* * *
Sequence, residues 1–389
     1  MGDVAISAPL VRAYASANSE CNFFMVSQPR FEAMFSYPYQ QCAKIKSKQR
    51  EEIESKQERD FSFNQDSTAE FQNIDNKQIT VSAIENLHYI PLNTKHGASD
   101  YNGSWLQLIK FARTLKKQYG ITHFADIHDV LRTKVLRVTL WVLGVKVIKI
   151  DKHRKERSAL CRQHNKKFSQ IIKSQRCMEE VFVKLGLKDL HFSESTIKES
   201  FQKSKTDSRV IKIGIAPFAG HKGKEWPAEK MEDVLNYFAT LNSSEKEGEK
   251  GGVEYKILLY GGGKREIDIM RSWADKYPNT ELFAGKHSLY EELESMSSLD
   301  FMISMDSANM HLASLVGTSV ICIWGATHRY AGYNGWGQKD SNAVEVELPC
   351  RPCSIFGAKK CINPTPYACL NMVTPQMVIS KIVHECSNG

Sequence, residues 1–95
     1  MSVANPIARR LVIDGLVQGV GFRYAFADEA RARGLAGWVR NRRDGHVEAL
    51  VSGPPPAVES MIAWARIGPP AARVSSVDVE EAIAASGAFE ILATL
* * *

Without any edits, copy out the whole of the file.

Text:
Sequence, residues 1–389
     1  MGDVAISAPL VRAYASANSE CNFFMVSQPR FEAMFSYPYQ QCAKIKSKQR
    51  EEIESKQERD FSFNQDSTAE FQNIDNKQIT VSAIENLHYI PLNTKHGASD
   101  YNGSWLQLIK FARTLKKQYG ITHFADIHDV LRTKVLRVTL WVLGVKVIKI
   151  DKHRKERSAL CRQHNKKFSQ IIKSQRCMEE VFVKLGLKDL HFSESTIKES
   201  FQKSKTDSRV IKIGIAPFAG HKGKEWPAEK MEDVLNYFAT LNSSEKEGEK
   251  GGVEYKILLY GGGKREIDIM RSWADKYPNT ELFAGKHSLY EELESMSSLD
   301  FMISMDSANM HLASLVGTSV ICIWGATHRY AGYNGWGQKD SNAVEVELPC
   351  RPCSIFGAKK CINPTPYACL NMVTPQMVIS KIVHECSNG

Sequence, residues 1–95
     1  MSVANPIARR LVIDGLVQGV GFRYAFADEA RARGLAGWVR NRRDGHVEAL
    51  VSGPPPAVES MIAWARIGPP AARVSSVDVE EAIAASGAFE ILATL